Exchange between people must follow the exchange of goods. This was how Foreign Minister Steinmeier explained his view of future German-Chinese relations in his speech at the China Meets Europe conference at Hamburg Chamber of Commerce. After the conference, he held talks with Chinese Vice-Premier Liu Yandong.
Hamburg and Shanghai lie 13,000 kilometres apart. And yet the two port cities are very closely connected. Every third container lifted from a ship by the cranes in Hamburg port comes from China. Every fifth Airbus assembled by technicians in Hamburg flies to China after it is completed. In the past 12 months, there have been more high‑level political visits than ever before in German-Chinese history. Foreign Minister Steinmeier firmly believes that two countries that are so closely interwoven and have such great economic influence worldwide also have a special responsibility. “Under conditions of uncertainty and upheaval, we must try to create the highest possible level of reliability,” he said.
Economic strength brings with it responsibility
For Germany, the path to creating reliability is clear. Strengthening a rules‑based international order and the primacy of international law is a key goal of German foreign policy. Steinmeier is certain that rules‑based interaction must always be in the fundamental interests of large trading nations such as Germany and China, as reliability and stability, which are essential for global trade, can only exist if the rules are recognised by everyone. In recent times, Germany and China have increasingly been pulling together. In the negotiations on a nuclear deal with Iran, both countries worked closely together in the E3+3 negotiating group.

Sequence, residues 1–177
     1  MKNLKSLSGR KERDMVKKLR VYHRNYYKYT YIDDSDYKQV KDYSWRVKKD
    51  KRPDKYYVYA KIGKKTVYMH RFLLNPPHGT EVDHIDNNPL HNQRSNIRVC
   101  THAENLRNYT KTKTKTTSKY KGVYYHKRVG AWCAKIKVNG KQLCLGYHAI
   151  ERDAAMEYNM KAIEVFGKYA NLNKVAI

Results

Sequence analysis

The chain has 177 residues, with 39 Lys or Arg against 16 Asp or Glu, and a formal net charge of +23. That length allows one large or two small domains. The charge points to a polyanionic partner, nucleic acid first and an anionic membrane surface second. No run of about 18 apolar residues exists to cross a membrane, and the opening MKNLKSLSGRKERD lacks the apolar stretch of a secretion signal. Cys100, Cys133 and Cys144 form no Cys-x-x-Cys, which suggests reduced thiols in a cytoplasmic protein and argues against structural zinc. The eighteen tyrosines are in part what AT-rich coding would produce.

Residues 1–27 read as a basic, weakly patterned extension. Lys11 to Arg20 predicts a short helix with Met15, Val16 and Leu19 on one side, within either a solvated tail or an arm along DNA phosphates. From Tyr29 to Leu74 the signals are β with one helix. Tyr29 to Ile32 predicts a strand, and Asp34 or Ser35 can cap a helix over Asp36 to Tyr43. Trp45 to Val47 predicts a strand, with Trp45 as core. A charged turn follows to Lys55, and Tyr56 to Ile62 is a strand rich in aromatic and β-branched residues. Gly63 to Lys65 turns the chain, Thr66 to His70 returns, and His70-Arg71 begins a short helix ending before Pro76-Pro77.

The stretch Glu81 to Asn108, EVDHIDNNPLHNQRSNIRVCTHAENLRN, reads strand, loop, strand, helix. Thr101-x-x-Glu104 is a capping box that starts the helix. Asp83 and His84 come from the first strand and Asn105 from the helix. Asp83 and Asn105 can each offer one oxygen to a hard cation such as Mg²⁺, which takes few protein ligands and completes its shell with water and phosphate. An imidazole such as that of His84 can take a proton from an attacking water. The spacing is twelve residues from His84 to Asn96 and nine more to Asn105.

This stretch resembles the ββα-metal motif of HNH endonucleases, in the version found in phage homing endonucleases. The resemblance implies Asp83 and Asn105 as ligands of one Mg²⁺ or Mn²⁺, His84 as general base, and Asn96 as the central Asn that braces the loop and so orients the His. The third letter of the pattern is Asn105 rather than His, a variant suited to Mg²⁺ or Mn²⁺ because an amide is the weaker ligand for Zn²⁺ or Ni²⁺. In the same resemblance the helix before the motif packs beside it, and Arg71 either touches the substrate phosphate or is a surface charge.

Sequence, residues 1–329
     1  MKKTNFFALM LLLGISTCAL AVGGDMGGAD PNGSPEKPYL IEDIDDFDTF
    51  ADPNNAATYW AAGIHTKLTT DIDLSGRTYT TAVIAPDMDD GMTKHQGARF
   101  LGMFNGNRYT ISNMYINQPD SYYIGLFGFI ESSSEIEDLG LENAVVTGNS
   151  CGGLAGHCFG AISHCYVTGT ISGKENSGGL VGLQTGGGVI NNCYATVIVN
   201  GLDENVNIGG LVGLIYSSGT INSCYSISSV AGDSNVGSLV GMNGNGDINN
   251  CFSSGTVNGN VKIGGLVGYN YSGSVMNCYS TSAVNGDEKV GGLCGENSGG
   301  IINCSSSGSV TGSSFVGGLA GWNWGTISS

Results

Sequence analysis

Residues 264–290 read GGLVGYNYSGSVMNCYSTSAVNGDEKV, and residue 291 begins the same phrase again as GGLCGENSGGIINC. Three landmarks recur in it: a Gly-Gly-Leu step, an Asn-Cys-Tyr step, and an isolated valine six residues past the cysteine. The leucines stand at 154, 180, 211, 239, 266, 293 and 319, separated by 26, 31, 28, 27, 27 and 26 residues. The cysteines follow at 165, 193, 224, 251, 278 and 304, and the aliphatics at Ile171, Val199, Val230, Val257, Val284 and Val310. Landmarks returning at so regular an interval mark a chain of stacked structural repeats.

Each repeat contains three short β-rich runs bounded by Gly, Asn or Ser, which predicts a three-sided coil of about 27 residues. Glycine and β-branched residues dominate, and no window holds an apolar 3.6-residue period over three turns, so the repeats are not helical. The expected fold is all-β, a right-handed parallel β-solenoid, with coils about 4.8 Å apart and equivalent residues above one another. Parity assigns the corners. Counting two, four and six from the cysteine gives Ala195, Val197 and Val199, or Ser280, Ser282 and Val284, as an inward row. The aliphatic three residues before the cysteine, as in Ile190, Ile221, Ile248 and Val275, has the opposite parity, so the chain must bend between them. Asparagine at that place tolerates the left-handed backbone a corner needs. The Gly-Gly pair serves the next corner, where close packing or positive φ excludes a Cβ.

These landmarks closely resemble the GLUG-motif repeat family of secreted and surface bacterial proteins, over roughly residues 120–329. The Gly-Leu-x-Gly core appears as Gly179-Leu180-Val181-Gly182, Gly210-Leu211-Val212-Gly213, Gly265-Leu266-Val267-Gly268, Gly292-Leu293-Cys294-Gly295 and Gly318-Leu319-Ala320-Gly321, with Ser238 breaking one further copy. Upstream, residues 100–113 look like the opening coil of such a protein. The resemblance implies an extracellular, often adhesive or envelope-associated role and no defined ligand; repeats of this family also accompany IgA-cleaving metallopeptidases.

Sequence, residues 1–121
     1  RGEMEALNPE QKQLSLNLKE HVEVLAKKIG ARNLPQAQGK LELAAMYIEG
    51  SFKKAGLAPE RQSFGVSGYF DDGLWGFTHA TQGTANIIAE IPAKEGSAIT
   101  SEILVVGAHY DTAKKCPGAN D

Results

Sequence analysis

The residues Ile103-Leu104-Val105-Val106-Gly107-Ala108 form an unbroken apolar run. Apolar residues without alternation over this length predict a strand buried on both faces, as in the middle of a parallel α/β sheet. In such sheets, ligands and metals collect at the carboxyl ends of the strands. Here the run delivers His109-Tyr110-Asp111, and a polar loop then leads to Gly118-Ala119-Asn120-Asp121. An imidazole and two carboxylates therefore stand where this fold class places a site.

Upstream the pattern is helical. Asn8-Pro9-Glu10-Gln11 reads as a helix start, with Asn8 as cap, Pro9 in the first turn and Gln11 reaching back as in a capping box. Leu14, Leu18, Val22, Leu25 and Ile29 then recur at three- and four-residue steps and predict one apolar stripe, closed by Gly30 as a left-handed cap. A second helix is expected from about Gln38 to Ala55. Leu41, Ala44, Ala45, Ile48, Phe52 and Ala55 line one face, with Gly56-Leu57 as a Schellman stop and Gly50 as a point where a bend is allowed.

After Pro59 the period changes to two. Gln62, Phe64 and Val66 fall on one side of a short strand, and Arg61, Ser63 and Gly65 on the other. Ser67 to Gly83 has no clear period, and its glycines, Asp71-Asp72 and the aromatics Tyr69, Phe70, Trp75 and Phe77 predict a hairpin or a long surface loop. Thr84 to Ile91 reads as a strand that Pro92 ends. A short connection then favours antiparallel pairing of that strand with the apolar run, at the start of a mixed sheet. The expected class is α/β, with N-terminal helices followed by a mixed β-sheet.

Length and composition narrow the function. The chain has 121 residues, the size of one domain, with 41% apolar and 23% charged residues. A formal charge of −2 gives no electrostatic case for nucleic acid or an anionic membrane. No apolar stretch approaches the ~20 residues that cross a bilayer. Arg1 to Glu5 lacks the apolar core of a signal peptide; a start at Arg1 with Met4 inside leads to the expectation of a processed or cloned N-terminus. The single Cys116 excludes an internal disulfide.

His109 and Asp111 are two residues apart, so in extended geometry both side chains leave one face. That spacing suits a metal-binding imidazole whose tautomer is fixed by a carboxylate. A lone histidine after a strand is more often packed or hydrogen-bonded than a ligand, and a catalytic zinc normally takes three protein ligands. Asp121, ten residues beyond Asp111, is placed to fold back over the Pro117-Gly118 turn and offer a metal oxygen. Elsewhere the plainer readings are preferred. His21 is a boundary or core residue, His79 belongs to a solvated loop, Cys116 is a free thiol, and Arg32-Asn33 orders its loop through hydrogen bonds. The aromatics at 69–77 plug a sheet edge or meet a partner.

Stability through fair rules
Steinmeier called for an open dialogue in trade policy. “We will continue to be very open to Chinese investments,” he said. “However, investments must never become a one‑way street.” German and Chinese companies must be guaranteed free access to the markets in the other country. Steinmeier said he would particularly welcome even greater cooperation between Germany and China in fields outside politics and business. “Along with the exchange of goods and services, we should facilitate the exchange of ideas, stories and experiences – in other words, exchange between people.”
Exchange means more than trade
Following intensive talks on bilateral relations, Steinmeier and Chinese Vice-Premier Liu Yandong had an opportunity to find out for themselves how much potential lies in contact between people from Germany and China when they attended the closing event of the German-Chinese Year of School and Youth Exchange 2016 at Universität Hamburg. The young people’s curiosity and euphoria made it clear to Steinmeier and Liu Yandong that Germany and China’s future will be closely interlinked.